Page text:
Upper Arlington News

Addison is back home

Outpouring of support helps family find lost dog

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Addison, left, is back home with her housemate, Wrigley, after an intense search by her owners, Upper Arlington residents Richards and Julie Fernandez and family, and others in the community.
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An Upper Arlington family received an early Christmas gift when their family pet was found safe nearly two weeks after disappearing.

It was a sad Thanksgiving for the Fernandez family, who skipped a trip to visit relatives in their native Chicago. They stayed home after a week of searching in vain for their dog, Addison, a 1-year-old mixed breed they saved from a Pike County dog shelter last June.

Addison, named after a street which runs outside of the Chicago Cubs' Wrigley Field, took off from the family's home on North Star Road Nov. 22 after Richard Fernandez momentarily left a gate open.

Adding to the challenge of finding Addison were anxiety issues she developed after she was physically abused by previous owners. Because of her demeanor, Addison was apt to run, and that's what she did when a neighbor tried to corral her the night she slipped out of the Fernandezes' yard.

She also wouldn't come to Richard or Julia Fernandez or any of their children, who spent seven hours Nov. 22 scouring Ohio State University's West Campus and nearby woods in hopes of bringing her back home.

"We made signs and called our vet, Dr. Susan Barrett at OSU (College of Veterinary Medicine)," Julia Fernandez said. "Addison was in flight mode, and (Barrett) said the last thing you want to do is chase her."

Barrett came up with a rescue plan that included using food as a lure -- but there were concerns about how well that would work because Addison is so skittish, members of the Fernandez family had to approach her on their hands and knees at home to seem less imposing.

Many of the family's friends from St. Agatha Catholic Church joined in the hunt and spent those first frigid days walking West Campus, armed with hot dogs.

"Addison's story made everyone care," said Georgia Kellen, a family friend. "This little pup had so many people praying for her. If any dog, ever, deserved a break, it's Addison."

Richard Fernandez spotted Addison on Nov. 23, but she still was running in fear.

Although the family was accompanied on their search by the dog's "sister," Wrigley -- a fellow dog shelter adoptee named for the Cubs' stadium -- Addison bolted across Lane Avenue and wasn't seen again for almost 10 days.

Barrett put the family in touch with local animal-lover, Don Corsimer, who had experience safely trapping lost pets.

"Don really helped us," Julia Fernandez said. "He said people give up hope too quickly because they don't realize animals can survive for a while on their own."

People in the community and in the OSU area also got behind the effort to find Addison. St. Agatha church members and others in the community continued to search for the dog, and students and staff at OSU's Waterman Farms promised to keep an eye out.

A local grocery store donated food for the humane traps that were set to capture Addison and Barrett lent night-vision equipment.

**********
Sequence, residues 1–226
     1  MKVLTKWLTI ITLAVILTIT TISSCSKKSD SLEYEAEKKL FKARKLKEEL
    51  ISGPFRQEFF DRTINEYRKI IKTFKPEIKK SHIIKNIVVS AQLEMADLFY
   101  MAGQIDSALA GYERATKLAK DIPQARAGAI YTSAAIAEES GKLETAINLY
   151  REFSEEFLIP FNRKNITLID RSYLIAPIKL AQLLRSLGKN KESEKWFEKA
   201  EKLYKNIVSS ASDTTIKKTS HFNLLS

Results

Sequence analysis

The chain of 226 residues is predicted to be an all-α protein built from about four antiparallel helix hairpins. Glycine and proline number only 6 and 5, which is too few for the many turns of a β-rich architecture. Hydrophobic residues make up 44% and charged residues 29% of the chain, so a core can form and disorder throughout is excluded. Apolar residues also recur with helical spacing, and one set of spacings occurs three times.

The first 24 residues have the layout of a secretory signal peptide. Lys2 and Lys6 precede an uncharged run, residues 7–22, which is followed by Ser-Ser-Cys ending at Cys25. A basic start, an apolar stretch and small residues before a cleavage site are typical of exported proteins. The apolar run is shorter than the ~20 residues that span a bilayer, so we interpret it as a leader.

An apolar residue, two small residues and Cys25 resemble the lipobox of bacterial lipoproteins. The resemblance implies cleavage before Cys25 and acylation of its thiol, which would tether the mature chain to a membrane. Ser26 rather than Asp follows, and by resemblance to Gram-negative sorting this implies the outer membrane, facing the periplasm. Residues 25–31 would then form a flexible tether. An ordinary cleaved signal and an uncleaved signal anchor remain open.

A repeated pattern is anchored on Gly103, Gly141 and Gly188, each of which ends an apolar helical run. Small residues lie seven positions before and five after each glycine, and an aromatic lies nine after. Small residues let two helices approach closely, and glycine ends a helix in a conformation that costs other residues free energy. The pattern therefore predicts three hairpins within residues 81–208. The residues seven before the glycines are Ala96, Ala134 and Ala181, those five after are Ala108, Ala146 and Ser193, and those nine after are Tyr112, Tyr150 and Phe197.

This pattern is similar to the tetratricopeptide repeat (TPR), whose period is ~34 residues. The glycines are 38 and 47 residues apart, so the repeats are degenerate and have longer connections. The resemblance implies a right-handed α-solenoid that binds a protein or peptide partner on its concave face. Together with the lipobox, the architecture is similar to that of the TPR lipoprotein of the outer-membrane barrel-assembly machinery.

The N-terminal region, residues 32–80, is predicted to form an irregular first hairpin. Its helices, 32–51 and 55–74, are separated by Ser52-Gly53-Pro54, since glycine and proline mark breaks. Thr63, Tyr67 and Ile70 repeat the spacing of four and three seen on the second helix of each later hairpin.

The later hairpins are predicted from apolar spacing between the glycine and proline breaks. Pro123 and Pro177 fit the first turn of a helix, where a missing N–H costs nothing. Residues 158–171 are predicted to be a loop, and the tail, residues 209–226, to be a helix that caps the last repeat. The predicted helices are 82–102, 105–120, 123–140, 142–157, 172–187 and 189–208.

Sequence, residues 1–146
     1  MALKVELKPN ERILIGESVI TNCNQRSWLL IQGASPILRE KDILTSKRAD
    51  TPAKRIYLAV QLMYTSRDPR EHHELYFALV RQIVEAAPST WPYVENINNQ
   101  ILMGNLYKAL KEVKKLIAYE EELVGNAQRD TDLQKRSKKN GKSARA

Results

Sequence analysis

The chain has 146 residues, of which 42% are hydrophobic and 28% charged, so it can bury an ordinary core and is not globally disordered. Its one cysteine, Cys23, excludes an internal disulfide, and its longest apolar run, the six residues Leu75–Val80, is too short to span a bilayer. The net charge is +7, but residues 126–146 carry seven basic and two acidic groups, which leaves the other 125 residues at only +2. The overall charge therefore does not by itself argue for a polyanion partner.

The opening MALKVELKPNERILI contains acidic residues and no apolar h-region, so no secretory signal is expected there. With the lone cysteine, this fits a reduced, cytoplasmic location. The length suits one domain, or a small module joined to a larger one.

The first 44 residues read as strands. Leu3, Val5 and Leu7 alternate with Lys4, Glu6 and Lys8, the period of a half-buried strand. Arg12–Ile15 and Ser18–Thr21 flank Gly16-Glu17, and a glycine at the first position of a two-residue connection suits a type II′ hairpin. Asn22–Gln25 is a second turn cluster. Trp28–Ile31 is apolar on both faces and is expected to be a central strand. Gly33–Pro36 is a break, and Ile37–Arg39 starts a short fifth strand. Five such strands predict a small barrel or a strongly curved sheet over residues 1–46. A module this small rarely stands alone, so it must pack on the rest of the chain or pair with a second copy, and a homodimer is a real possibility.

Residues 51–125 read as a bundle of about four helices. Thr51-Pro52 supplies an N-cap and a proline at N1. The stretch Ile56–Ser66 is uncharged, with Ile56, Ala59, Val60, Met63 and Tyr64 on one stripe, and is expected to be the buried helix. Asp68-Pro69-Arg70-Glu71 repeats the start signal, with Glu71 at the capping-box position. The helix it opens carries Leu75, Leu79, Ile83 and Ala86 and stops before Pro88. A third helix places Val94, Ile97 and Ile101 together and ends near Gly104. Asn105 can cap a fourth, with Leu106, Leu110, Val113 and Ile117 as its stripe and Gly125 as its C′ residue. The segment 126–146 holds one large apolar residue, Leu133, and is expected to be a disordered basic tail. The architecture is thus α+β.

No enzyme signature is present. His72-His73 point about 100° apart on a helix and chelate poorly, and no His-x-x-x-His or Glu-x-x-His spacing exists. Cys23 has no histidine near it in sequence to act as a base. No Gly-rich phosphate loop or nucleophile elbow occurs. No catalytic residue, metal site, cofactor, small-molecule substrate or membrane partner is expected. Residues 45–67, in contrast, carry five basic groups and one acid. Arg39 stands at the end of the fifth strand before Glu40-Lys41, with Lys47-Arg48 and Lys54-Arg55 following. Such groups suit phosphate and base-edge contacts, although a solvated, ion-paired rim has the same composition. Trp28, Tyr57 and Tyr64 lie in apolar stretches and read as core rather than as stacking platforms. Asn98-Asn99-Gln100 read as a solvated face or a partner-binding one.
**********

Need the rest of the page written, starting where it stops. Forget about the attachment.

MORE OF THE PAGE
Julia Fernandez and her four children -- Catalina, 11, Elena, 8, and 5-year-old twins Javier and Mateo -- posted signs throughout their neighborhood and West Campus, and they created a Facebook page and email blasts in hopes of spreading awareness about their lost pet.

"We put a sign up on each trap so people would know what we were doing," Julia Fernandez said. "For the most part, we asked all the businesses on Lane Avenue if they would put a sign up, and they did. On West Campus, not a single sign was taken down.

"It was just a huge outpouring. People were out looking for Addison, even though they didn't know us. It was just heartwarming, really wonderful."

The family purchased night-vision cameras, which captured images of numerous coyotes, possum, foxes, deer, cats and raccoons, but no Addison.

Despite the bleak outlook, the family continued looking, taking Wrigley along every four hours as they checked traps and filled them with fresh bait.

At about 5 a.m. Dec. 3, they were rewarded.

"Finally, all of our hard work paid off," Julia Fernandez said. "My husband went out to check the traps and found her in one. The kids woke up and they were all so excited."

Catalina Fernandez said the disappointment of not having Addison home for Thanksgiving lifted as soon as her father brought the dog back home.

"It was really hard, and poor Wrigley was really upset," she said. "When she came home, I was so excited and just couldn't believe it.

"We prayed a lot, and it helped telling so many people because they prayed, too."

Her mother agreed, saying the tactical, physical and moral support provided by others was instrumental in keeping faith and locating Addison.

Because of that help, and because so many people continued to reach out in the community and on Facebook, Julia and her twin sons painted a banner, which read, "We Found Our Dog. Thank You!," which they posted in place of an older "Lost Dog" sign at a convenience store at the corner of Lane Avenue and Kenny Road.

As of last week, she said, 11,000 people had viewed her post of a photo showing the sign on Facebook.

After losing some weight during her journey into the wild, Addison was back up to about 25 pounds last week and, with the aid of medicine, gradually is showing more trust.

In addition to sitting by Elena while she's reading, Addison is slowly becoming more social, Julia Fernandez said.

"She is better now than before she left," she said. "Before, she would stay in her cage for 12 hours.

"I think she realized life was definitely better here. We are just so grateful for everybody that helped us."

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